6. Peter A. Diamond, 2003. "Taxation, Incomplete Markets, and Social Security," MIT Press Books, The MIT Press, edition 1, volume 1, number 0262042134, December.
  7. Sanna Tenhunen & Matti Tuomala, 2010. "On Optimal Lifetime Redistribution Policy," Journal of Public Economic Theory, Association for Public Economic Theory, vol. 12(1), pages 171-198, 02.
  8. Laibson, David I., 1997. "Golden Eggs and Hyperbolic Discounting," Scholarly Articles 4481499, Harvard University Department of Economics.
  9. CREMER, Helmuth & PESTIEAU, Pierre & ROCHET, Jean-Charles, . "Capital income taxation when inherited wealth is not observable," CORE Discussion Papers RP -1700, Université catholique de Louvain, Center for Operations Research and Econometrics (CORE).
  10. Salanie, Francois & Treich, Nicolas, 2006. "Over-savings and hyperbolic discounting," European Economic Review, Elsevier, vol. 50(6), pages 1557-1570, August.
  11. Martin Feldstein, 1986. "The Optimal Level of Social Security Benefits," NBER Working Papers 0970, National Bureau of Economic Research, Inc.
  12. T. Findley & Frank Caliendo, 2008. "The behavioral justification for public pensions: a survey," Journal of Economics and Finance, Springer, vol. 32(4), pages 409-425, October.
  13. Louis Kaplow, 2006. "Myopia and the Effects of Social Security and Capital Taxation on Labor Supply," NBER Working Papers 12452, National Bureau of Economic Research, Inc.
  14. Diamond, Peter & Koszegi, Botond, 2003. "Quasi-hyperbolic discounting and retirement," Journal of Public Economics, Elsevier, vol. 87(9-10), pages 1839-1872, September.
  15. Atkinson, A. B. & Stiglitz, J. E., 1976. "The design of tax structure: Direct versus indirect taxation," Journal of Public Economics, Elsevier, vol. 6(1-2), pages 55-75.
  16. Docquier, Frederic, 2002. "On the optimality of public pensions in an economy with life-cyclers and myopes," Journal of Economic Behavior & Organization, Elsevier, vol. 47(1), pages 121-140, January.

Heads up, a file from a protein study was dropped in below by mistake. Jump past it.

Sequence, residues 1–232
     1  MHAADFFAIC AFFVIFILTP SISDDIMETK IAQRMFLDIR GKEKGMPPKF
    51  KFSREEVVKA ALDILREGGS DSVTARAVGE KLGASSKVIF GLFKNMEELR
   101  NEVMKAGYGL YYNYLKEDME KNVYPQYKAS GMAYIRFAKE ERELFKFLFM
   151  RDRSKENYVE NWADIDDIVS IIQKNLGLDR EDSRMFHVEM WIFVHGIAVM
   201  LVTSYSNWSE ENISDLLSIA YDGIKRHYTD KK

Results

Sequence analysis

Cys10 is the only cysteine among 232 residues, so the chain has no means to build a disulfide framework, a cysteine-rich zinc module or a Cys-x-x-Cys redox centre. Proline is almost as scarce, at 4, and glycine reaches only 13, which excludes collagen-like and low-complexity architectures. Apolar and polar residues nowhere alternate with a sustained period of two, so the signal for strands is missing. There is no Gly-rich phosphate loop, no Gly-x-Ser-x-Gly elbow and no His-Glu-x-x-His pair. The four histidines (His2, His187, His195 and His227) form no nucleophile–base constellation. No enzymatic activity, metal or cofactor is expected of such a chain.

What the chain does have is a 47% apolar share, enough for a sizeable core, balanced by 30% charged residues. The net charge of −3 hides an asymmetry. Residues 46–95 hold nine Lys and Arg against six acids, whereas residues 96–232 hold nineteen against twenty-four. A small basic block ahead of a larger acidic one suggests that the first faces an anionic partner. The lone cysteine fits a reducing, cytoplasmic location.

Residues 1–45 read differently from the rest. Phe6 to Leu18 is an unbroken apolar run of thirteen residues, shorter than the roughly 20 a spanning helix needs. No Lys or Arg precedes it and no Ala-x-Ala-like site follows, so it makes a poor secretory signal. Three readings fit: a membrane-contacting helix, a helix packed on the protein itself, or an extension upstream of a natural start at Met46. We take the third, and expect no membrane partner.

17. T. Findley & Frank Caliendo, 2009. "Short horizons, time inconsistency, and optimal social security," International Tax and Public Finance, Springer, vol. 16(4), pages 487-513, August.
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Citations

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Cited by:
  1. Driscoll, John C. & Holden, Steinar, 2014. "Behavioral Economics and Macroeconomic Models," Finance and Economics Discussion Series 2014-43, Board of Governors of the Federal Reserve System (U.S.).
  2. Frank Caliendo & T. Findley, 2013. "Limited computational ability and social security," International Tax and Public Finance, Springer, vol. 20(3), pages 414-433, June.
  3. Sebastian Koehne & Moritz Kuhn, 2014. "Optimal Taxation in a Habit Formation Economy," CESifo Working Paper Series 4581, CESifo Group Munich.
  4. Andras Simonovits, 2013. "A family of simple paternalistic transfer models," IEHAS Discussion Papers 1324, Institute of Economics, Centre for Economic and Regional Studies, Hungarian Academy of Sciences.
  5. Fehr, Hans & Uhde, Johannes, 2012. "Optimal Pension Design in General Equlibrium," Annual Conference 2012 (Goettingen): New Approaches and Challenges for the Labor Market of the 21st Century 62024, Verein für Socialpolitik / German Economic Association.